Clean energy is a winning issue and Trinidad and Tobago should claim and own it. The wider Caribbean has always had hurricanes due to its geographical bearing, but storm intensity has increased in recent decades due to climate change. Climate change science has clarified the problem with fossil fuel emissions, it has educated people whose lives are being adversely impacted by fossil fuels, and will lead to sustained investment for Caribbean economies, if weaponised. The world is at a tipping point, and in the next five years, Trinidad and Tobago will either be a climate winner or a climate loser. We should make climate change and clean energy a top priority. We should organise around it and talk about it at every opportunity. Elevating climate political intensity will force us to define, defend or oppose the core values involved. There is no magic message, no persuasive strategy that will otherwise obstruct an era of extreme weather events and pay for the subsequent losses and damages in the Caribbean.
Fossil fuels damage lives and will cause property loss in the Caribbean for hundreds of years as they circulate through the environment. Clean, renewable energy is by far the most intelligent choice, but it is not as profitable to Big Oil in the short term. Cleaner, safer energy alternatives should be utilised in Trinidad and Tobago, and old forms of energy should be used as sources of export and foreign exchange — a first best step to ensure energy independence and economic growth. The United Nations and the World Bank climate campaigns virtually have no effect on some governments and at least half of elite Big Oil’s climate opinion. Fossil fuel companies have played an enormous role in funding climate change denial and the material interests of an American majority party whose politicians are in lockstep with the good graces of fossil fuel donors.
Industries sometimes use duplicitous messaging to attack science to slow down solutions that are not in their financial best interests. So, while I am a climate campaigner for the Energy Chamber of Trinidad and Tobago (Energy Chamber) delivering a renewable energy message from a caucus where oil and gas issues dominate may seem pointless, at the Chamber, we have an influential climate committee that robustly supports green agendas, along with ideologically driven climate progressive fossil fuel companies like Shell and BP. Climate collaboration with BP and Shell is beginning to bear fruit for the Chamber’s climate programmes.
The Chamber is actually a haven for green agendas. Our Chamber leadership has deep experience with power systems, rebuilding and hardening of infrastructure, gasbased industries such as ammonia and methanol production and use of modern technology. It possesses a distinctive ability to incorporate lessons learned from successful rebuild efforts in other regions and natural disasters that we will adopt for the benefit of the entire Caribbean. Additionally, our renewable, low- emission loss and damage portfolios align with UN and World Bank recommendations for climate resiliency. As a result, the Chamber is uniquely positioned to lead and be a catalyst for climate policy advancement and climate finance in the Caribbean.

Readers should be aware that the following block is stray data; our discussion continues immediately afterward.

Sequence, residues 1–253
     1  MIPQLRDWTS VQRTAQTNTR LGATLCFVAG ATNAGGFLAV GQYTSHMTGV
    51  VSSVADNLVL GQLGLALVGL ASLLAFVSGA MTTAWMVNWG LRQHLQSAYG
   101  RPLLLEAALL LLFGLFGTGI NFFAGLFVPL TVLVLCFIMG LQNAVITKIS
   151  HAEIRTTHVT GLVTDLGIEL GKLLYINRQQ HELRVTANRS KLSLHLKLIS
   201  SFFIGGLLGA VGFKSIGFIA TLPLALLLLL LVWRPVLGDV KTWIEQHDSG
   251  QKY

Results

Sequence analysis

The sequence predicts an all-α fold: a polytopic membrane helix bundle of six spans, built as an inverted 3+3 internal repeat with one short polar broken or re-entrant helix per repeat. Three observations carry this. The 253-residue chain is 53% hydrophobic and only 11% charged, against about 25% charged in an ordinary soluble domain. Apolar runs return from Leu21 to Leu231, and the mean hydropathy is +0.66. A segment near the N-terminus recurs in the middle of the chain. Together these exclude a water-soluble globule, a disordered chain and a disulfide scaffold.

An increase in atmospheric carbon dioxide (CO2) concentrations has resulted in an increase in global average temperature. This temperature change translates to physical impacts and monetised damages. Streams of monetised damages over time are converted into present value terms by discounting. The present value of damages reflects society’s willingness to trade value in the future for value today and is how we price the social cost of CO2 pollution. Carbon markets like the one we are deploying in Trinidad and Tobago will use this metric to place equity in sustainable projects throughout the Caribbean. The demand for these investments will come from big emitters within our carbon market operating boundary.
Climate solutions are not being moved by scientific messaging, so perhaps gravitating towards the odd position that the health of fossil fuel companies is the best way to protect our Caribbean climate interests is worthwhile. Everyone deserves access to refrigeration and lighting, but our climate cannot withstand burning additional fossil fuels for so many more people; it is important that renewables are effectively engaged. A Chamber carbon credit trading floor will coordinate and log the transactions between buyers (big emitters in developed countries) and offerors (Caribbean-based project developers). This is the ambition of the Chamber’s Caribbean Carbon Market (CCM) and how it will scale up climate- resilient projects in the region.
The CCM is designed to increase renewable energy deployment as rapidly as possible to lower the impact of fossil fuel emissions, vulnerability of centralised distribution systems in the Caribbean and constructing lowcarbon and resilient infrastructure to withstand future extreme weather events. The CCM creates innovative financing models such as debt-forresilience swap initiatives with the fossil fuel industry and works with the United Nations and the World Bank on policy reforms and investments that will enhance resilience. The CCM platform facilitates the large institutional and private investments required to drive economic growth, using capital from the United Nationsbacked carbon credits it generates by promotion and structure of climatefriendly projects in the Caribbean.